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A Pirate By Any Other Name

September 19, 2018

Today is International Talk Like a Pirate Day! Or, should you know of those scourges of the sea by a different name, International Talk Like a Buccaneer Day. There have been lots of different words throughout history synonymous with pirates, and here’s a little bit about their origins. Or rather, arrrrrr-igins.

Buccaneer

Pirates, as the name of a popular ride and movie series tell us, like to rummage about the Caribbean, so it’s interesting that the buccaneer has its origin near the islands. Some of the people who lived there had a word in the local language (Caribbean Arawak): buccan, which referred to a wooden frame on which manatee meat was roasted over a fire. French explorers in the area adopted the word into their language, where it became boucane, which means “to smoke.” From that, English speakers developed boucanier, to refer to French denizens of the islands who used those frames to roast and smoked the meat of wild animals. Since they had to hunt those critters, boucanier came to mean “hunter,” and in American English, the word evolved into buccaneer.

Privateers

These kinds of pirates loot enemy ships on behalf of a government entity. In other words, they’re “private” contractors.

Corsair

A corsair is merely a privateer aligned with the French government (which explains the French-sounding word). These pirates-for-hire worked on behalf of the French crown, boarding and raiding ships they came across that happened to fly the flag of a nation that happened to be at war with France. Corsair ships were officially licensed by the French government, given a legal document called a Lettre de Course. From “course,” of course, is where corsair comes from. It’s derived from the Latin word cursus, and literally means “one who journeys.”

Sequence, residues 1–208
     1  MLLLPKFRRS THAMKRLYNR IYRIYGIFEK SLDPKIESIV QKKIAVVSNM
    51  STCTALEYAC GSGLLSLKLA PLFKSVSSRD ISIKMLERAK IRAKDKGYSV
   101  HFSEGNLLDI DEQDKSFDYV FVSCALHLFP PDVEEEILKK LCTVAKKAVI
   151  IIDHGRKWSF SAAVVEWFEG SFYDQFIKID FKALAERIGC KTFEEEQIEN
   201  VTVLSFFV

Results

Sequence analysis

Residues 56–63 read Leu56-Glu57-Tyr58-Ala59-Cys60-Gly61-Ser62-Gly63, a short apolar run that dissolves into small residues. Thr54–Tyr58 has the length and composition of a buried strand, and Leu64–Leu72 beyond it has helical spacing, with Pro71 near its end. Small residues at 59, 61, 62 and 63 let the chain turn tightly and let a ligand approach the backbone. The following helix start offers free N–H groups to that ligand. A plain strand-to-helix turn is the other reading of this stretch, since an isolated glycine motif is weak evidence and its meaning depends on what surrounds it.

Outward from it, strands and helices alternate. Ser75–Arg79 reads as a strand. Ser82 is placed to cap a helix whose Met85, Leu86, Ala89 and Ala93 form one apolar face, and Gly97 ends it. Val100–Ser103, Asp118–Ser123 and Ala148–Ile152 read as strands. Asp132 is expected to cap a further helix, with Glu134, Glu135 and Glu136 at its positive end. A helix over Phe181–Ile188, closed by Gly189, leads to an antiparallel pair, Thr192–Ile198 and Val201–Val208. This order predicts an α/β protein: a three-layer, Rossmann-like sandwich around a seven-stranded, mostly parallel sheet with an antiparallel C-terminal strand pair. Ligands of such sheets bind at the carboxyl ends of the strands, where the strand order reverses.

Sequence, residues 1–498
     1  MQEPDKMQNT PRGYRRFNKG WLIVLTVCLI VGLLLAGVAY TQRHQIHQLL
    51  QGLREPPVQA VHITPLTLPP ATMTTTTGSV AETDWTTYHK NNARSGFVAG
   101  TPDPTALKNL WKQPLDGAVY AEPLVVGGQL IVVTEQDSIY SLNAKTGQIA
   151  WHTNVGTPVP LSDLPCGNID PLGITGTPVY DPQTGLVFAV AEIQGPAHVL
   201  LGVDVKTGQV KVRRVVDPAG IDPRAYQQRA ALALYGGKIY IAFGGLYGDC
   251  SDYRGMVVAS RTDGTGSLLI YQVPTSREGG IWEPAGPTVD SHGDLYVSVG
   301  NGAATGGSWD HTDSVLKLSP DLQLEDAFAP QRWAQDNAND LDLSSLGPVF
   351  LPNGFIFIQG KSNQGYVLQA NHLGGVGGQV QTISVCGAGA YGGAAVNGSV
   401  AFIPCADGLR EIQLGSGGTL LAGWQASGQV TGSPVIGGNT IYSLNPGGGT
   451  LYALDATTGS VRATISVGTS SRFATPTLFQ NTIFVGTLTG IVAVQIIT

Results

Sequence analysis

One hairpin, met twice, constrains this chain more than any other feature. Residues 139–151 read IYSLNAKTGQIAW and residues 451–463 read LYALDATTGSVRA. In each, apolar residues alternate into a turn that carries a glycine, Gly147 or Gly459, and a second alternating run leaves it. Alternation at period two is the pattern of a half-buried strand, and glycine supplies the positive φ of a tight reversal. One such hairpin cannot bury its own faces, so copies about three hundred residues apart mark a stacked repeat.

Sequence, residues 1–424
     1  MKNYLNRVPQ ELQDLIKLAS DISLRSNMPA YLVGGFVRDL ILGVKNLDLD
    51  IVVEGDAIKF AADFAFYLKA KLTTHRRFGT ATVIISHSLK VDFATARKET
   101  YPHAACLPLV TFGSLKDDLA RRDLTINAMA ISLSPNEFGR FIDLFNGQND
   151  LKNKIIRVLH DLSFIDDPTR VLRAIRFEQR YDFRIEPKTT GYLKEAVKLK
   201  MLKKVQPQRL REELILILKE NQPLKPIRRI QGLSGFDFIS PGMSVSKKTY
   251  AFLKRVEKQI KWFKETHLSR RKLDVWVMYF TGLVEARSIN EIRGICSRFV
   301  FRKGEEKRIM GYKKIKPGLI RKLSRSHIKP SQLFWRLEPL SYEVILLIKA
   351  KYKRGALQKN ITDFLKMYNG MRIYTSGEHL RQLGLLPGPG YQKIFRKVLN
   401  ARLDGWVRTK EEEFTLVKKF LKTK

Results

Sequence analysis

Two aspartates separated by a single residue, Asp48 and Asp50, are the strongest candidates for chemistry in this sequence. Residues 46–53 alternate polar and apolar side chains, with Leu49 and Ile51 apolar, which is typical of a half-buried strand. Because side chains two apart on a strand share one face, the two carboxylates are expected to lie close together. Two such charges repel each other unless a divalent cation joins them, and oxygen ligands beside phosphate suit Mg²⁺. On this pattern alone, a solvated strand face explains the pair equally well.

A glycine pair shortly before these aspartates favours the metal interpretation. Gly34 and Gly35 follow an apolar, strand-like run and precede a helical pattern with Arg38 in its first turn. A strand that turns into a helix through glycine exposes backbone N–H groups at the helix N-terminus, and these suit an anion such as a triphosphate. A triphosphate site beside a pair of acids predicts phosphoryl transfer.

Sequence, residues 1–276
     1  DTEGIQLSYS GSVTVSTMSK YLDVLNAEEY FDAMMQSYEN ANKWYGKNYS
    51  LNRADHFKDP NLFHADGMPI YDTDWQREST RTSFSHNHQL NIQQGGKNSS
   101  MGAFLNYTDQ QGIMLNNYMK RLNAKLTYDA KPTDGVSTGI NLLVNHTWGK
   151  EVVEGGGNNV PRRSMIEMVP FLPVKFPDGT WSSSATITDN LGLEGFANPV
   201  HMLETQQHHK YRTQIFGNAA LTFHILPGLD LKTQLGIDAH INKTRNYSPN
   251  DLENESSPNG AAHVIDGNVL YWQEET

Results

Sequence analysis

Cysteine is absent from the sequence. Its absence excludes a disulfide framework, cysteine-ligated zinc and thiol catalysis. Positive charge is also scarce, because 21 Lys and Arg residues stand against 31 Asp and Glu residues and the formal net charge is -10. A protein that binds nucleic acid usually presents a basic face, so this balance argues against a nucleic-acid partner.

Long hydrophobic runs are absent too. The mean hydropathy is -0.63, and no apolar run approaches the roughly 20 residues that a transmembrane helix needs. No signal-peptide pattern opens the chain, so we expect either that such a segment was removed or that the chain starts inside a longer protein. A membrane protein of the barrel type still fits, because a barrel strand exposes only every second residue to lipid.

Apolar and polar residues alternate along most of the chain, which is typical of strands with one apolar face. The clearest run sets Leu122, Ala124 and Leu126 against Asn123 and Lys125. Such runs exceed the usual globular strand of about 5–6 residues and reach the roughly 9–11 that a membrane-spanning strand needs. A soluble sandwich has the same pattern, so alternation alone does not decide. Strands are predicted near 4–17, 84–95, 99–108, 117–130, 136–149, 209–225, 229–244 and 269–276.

Marauder

Before the major age of piracy in the 1700s and 1800s, some form of marauder had already been a part of the French language for a couple hundred of years. It’s a version of the Middle French term maraud, which means “rogue” or “vagabond”…both of which would describe pirates pretty well, so that definition more or less took over the word.

Pirate

Many (if not most) major European languages derive from a language that linguists call Proto-Indo-European, which dates to about 4500 B.C. One term from that system that made its way into numerous tongues was perya, which means “to attack.” It evolved into Greek as peirates, which means “a person who attacks ship,” and into Latin as pirata, meaning the same thing. The Spanish and Italian word for a ship assailant was also pirata, so it was a quick jump over to English as pirate.

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